• Removal from a day centre of a person with a physical or learning disability
  • Not being allowed to attend extra-curricular activities
  • Sudden announcement of engagement to a stranger, either to friends or on social media
  • Being prevented from going on to further/higher education

 Family History

  • Older siblings forced to marry
  • Early marriage of siblings
  • Self-harm or suicide of siblings
  • Death of a parent
  • Family disputes
  • Running away from home
  • Unreasonable restrictions, e.g. being kept at home by parents


  • Being accompanied to GP surgery, clinics, maternity and/or mental health appointments
  • Self-harm/attempted suicide
  • Eating disorders
  • Depression/low self-esteem
  • Isolation
  • Substance misuse
  • Unwanted or late pregnancy


  • Victim or other siblings within the family reported missing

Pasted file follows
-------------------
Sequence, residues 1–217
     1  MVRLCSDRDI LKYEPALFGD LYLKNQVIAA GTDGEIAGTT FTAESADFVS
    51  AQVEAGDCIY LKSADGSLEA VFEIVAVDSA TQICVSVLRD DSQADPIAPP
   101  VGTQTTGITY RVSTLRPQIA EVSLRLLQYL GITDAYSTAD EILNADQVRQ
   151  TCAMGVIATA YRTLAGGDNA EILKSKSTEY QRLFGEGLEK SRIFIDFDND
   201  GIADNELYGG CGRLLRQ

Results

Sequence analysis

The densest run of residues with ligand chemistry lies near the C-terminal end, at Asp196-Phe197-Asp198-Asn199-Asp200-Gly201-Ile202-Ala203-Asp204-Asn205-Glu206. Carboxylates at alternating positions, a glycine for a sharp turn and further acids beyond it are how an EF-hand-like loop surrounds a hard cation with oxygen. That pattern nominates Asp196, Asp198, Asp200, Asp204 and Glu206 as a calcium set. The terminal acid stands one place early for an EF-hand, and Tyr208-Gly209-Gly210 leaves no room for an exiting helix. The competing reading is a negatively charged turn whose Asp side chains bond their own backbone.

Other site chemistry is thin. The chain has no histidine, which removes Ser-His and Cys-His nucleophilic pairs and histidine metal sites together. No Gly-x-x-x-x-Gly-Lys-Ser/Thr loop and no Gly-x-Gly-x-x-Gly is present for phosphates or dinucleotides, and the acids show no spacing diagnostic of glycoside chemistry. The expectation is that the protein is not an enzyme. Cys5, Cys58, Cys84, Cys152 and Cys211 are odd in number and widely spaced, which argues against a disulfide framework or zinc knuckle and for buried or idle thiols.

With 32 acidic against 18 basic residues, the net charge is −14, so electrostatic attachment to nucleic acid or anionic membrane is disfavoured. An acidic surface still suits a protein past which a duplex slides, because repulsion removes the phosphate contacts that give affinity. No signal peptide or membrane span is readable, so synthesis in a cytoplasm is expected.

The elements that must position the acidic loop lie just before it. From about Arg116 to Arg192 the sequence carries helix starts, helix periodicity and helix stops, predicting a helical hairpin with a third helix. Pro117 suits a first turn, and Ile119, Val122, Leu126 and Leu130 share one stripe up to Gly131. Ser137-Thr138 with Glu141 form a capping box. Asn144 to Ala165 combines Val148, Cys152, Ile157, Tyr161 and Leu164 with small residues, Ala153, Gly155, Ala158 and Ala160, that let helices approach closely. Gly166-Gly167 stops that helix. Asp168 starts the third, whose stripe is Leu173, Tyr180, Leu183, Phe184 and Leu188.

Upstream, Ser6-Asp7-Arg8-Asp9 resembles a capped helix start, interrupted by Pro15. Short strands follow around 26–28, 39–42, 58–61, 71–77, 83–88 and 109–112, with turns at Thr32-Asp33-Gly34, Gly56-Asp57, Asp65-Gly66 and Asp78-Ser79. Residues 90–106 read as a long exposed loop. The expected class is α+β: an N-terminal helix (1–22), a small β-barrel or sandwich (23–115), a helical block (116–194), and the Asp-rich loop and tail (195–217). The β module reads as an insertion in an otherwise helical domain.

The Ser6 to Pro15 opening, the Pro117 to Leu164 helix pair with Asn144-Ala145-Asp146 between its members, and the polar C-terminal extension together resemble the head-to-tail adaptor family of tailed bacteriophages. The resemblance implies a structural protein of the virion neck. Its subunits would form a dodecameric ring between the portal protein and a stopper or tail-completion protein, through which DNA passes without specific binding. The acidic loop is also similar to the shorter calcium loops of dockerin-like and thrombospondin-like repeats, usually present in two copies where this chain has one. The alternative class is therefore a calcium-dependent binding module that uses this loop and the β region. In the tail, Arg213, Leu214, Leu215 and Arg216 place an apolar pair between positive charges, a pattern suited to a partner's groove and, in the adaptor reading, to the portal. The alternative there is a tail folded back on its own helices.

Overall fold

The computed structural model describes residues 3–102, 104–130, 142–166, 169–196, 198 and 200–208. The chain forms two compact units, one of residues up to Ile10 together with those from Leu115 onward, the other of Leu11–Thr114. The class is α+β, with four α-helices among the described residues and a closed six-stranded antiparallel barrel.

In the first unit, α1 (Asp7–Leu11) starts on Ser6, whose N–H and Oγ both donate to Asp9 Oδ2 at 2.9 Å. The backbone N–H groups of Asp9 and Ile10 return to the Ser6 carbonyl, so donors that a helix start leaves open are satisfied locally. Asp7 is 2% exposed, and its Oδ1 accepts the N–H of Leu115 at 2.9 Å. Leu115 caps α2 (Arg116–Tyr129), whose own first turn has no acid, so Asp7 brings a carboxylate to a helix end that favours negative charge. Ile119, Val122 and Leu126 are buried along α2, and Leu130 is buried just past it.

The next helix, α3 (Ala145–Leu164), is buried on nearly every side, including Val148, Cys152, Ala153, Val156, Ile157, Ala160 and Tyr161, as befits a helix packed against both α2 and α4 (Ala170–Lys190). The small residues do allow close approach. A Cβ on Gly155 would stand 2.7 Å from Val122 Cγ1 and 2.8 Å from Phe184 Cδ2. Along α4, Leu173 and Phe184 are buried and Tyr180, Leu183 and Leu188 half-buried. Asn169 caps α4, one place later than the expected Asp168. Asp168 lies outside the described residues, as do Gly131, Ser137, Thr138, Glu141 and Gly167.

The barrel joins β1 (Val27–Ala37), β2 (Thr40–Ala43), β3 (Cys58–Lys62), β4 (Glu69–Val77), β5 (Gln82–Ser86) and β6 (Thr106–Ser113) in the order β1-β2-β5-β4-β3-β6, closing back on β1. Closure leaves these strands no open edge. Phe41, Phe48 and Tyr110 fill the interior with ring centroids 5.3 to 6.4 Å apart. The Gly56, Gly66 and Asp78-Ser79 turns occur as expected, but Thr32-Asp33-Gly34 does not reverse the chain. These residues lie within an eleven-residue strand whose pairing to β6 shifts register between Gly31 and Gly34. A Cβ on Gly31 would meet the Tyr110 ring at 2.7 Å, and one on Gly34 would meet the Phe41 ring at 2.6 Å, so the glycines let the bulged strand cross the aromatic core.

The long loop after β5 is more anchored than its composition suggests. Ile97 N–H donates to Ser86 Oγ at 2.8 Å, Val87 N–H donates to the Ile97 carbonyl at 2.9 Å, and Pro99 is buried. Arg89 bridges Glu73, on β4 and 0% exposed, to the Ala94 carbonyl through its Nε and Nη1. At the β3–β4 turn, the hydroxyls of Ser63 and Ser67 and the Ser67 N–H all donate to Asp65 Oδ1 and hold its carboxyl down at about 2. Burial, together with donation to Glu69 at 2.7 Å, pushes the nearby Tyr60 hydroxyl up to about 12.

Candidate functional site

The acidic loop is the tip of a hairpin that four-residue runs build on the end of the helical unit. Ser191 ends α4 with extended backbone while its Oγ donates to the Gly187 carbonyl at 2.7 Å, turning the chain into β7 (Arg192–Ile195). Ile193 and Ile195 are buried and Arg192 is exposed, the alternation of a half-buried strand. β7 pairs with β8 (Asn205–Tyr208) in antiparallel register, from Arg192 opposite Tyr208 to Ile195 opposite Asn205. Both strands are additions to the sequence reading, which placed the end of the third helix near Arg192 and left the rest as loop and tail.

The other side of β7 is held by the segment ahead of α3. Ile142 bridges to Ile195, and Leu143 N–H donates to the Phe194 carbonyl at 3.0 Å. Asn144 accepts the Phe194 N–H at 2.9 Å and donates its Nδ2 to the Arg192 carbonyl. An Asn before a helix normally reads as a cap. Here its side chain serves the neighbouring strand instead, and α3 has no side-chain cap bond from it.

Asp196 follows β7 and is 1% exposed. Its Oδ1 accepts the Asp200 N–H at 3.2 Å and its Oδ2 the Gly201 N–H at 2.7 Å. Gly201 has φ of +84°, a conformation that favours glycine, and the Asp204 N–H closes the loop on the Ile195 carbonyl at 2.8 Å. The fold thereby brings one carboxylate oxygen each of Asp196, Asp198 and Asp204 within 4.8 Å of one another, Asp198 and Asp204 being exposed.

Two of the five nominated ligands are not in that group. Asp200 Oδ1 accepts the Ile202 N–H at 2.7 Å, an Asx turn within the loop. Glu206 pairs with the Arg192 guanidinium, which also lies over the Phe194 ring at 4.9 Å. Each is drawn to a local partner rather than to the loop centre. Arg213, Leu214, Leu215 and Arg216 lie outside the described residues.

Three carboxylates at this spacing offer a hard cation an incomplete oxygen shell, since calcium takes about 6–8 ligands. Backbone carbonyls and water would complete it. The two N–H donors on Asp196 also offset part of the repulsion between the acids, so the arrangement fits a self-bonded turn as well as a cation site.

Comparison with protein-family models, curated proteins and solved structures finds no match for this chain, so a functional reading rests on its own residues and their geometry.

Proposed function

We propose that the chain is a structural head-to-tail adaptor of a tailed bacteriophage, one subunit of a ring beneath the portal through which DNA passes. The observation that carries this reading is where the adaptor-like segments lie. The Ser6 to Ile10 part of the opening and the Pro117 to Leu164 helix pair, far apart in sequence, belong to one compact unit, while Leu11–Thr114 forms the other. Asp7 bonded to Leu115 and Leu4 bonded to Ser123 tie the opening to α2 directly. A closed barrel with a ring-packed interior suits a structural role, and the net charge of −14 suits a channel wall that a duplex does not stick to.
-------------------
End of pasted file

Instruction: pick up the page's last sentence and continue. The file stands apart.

• Reports of domestic abuse, harassment or breaches of the peace at the family home
  • Female genital mutilation
  • The victim reported for offences, e.g. shoplifting or substance misuse
  • Threats to kill and attempts to kill or harm
  • Reports of other offences such as rape or kidnap

There have been occasions when women have presented with less common warning signs such as cut or shaved hair as a form of punishment for disobeying or "dishonouring" her family

There have also been reports of women presenting in the NHS with symptoms associated with poisoning.

This information may come from the following:

  • The child/young person themselves;
  • One of the child's peer group;
  • A relative or member of the child's local community;
  • Another professional.

There is evidence to suggest that there may be factors that increase the risk of  being forced into marriage, including bereavement within the family. Occasionally, when a parent dies, especially the father, the remaining parent and/or wider family members may feel there is more of an urgency to ensure that the children are married.